Advanced Palette Ripping Techniques
1. Did your source image lose some critical colors during the automatic color reduction in Step 2? Here’s an easy fix: Convert your resulting painter’s palette image back to 24bit. With the pencil tool (no antialiasing!) simply add a scribble of each color you want to bring back to the palette. Now run the exact same process as before, except this time use your modified painter’s palette as the source image (the one you scribbled on!), and in the palettization options use Image > Mode > Indexed Color > Palette: EXACT. (Once you apply that colorset to the palette_base.PNG it will neatly re-organize your added colors into a new painter’s palette image.)
2. The quality of your resulting palette will only be as good as the quality of colors in the source image. You can’t use a bad photograph of a painting, for example, because the camera will decontrast and ruin the source colors. Palettes are best sourced from digital artworks or professional quality photos of art. (Also – you can try digitally correcting the colors in the source photograph before running the process if it’s of decent enough quality.)
3. For enhanced results, you can apply image adjustments and filters to the source image prior to extracting the palette. There’s a lot of power with this! Imagine finding an image that has almost the colors you want in your palette. Digitally adjust it until the source image has the color look you want and then use it as a source image to extract the palette. Also, some images greatly benefit from using Photoshop’s Filter > Artistic > Cutout or Filter > Pixelate > Mosaic before extracting the palette. In fact, the Mosaic filter is particularly useful when using a JPG with lossy compression artifacts as a source image.
4. For a wider variation in colors, use the full 256 colors when first converting your source image from 24bit to Indexed Color. Then re-palettize the resulting painter’s palette image with fewer colors until it has a useful amount of banding for easy color selection.
5. Try bypassing the use of other people’s colors by creating your own source image from scratch. Try scribbling together your own set of colors and using that for your source image. Make sure you blend various color combinations so the between-colors are present in your resulting painter’s palette image. (Also, try running Filter > Artistic > Cutout on your scribble before using it as a source image. That filter can help pull your scribbled colors into a more balanced palette, meaning your scribble-source-image will produce a higher quality painter’s palette image.)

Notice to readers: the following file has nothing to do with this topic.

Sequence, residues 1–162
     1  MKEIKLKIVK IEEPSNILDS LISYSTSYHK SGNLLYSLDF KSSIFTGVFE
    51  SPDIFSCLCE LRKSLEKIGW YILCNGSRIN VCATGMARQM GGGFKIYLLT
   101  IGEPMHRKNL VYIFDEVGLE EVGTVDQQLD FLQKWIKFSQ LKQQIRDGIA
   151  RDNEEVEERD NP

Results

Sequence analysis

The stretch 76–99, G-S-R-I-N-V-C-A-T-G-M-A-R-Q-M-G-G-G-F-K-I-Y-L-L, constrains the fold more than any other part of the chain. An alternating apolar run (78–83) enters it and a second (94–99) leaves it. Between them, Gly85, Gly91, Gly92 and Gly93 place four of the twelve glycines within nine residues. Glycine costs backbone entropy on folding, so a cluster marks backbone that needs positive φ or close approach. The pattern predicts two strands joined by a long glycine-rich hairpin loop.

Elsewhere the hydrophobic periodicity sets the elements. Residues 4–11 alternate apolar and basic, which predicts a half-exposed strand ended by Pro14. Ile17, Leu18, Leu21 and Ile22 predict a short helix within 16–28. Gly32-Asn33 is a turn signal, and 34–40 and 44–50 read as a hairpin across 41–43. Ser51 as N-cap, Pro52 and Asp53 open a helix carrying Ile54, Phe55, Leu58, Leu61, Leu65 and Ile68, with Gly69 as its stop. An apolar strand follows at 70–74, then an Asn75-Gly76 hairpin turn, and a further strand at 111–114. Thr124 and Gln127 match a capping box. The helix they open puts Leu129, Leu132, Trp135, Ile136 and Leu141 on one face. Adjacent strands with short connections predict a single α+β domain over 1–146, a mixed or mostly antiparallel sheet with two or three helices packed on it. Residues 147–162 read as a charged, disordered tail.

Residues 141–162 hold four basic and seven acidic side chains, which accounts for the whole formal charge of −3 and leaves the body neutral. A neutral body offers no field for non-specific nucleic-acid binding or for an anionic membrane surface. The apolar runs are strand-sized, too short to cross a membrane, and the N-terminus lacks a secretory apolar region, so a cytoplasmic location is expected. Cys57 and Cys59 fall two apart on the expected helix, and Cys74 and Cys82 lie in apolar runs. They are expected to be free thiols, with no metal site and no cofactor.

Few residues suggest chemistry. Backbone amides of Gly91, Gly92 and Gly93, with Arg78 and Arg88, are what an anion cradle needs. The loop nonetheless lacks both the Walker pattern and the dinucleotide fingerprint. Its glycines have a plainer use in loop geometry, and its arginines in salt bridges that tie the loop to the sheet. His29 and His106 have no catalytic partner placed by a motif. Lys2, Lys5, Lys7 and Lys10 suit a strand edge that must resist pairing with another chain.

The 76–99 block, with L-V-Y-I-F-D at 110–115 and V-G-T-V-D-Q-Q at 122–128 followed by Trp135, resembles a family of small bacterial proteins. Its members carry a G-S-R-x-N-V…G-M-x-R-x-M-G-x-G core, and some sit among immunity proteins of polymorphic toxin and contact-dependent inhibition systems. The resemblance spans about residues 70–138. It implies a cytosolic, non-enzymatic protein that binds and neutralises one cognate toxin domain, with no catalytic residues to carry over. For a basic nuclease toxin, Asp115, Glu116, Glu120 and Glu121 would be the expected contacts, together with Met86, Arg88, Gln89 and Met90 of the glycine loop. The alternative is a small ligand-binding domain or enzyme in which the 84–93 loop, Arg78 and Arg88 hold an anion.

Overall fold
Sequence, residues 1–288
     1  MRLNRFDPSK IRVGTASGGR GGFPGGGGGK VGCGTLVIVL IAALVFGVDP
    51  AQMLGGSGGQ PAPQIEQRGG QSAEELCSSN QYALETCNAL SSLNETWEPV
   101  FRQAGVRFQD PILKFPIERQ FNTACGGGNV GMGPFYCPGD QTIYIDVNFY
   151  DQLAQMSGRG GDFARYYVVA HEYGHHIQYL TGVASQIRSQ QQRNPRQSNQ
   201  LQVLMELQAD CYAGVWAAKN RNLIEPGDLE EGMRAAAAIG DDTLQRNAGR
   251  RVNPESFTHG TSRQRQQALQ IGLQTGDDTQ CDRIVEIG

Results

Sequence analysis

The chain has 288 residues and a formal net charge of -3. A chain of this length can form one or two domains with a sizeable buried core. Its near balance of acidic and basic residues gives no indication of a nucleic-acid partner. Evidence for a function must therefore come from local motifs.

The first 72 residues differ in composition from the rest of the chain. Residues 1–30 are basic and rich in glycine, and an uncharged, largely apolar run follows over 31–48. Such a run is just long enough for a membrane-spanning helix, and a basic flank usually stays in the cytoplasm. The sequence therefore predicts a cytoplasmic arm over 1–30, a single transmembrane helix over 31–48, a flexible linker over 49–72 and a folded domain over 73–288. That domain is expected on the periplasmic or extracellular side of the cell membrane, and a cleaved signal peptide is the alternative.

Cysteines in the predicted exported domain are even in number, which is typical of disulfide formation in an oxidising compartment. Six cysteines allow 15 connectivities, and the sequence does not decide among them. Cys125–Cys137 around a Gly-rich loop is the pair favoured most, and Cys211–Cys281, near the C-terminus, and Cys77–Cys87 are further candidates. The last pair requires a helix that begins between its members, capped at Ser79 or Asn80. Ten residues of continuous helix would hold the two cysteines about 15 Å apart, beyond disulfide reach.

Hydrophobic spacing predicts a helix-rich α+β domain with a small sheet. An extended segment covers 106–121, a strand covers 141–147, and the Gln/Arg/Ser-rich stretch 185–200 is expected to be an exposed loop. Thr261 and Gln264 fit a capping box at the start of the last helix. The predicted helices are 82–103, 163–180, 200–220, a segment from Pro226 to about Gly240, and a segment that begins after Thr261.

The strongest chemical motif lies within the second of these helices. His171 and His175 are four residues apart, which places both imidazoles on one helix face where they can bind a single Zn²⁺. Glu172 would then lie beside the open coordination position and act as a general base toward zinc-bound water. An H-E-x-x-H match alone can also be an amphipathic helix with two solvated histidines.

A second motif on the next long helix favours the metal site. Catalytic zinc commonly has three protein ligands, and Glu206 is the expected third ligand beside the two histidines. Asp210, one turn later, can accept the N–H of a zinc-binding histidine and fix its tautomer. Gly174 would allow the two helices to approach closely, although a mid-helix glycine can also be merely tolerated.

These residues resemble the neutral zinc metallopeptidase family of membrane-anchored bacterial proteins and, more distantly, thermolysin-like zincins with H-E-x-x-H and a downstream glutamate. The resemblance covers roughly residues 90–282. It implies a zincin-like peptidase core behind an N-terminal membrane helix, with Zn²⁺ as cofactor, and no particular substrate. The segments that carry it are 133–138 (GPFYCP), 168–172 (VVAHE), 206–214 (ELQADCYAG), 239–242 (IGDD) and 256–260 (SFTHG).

6. You can force Photoshop to include colors from a separately-saved palette during the color indexing process in Step 2 if needed. (Helpful for certain situations like if you need to force certain UI colors, or mix palettes together, etc.)
7. I recommend archiving a library of your favorite painter’s palette images for easy access to your most useful color schemes.
8. Even though good artwork typically produces the most useful palettes, you can get interesting results from photographs and other sources. Try running this process on packages of candy or cereal boxes – anything with good design and/or colors. Game screenshots can have useful results, particularly with “pixel art” like you find in cell phone games or on the Nintendo DSi. Photos can work if they are particularly artful and have a somewhat limited color scheme.
9. If needed, use Photoshop’s Filter > Other > Offset to quickly arrange the colors in your painter’s palette image into a more useful layout. This is particularly useful when you have a simple color scheme where the resulting painter’s palette image almost look like a mirror image. In that case, just offset the pixels horizontally (with “wrap around” enabled) by about 64-80 pixels.
Tutorial by Junkyard Sam. All rights reserved. Ripping Palette for Colors was originally posted in Junkyard Sam’s (now defunct as of Dec 11, 2012) blog in October 2, 2009.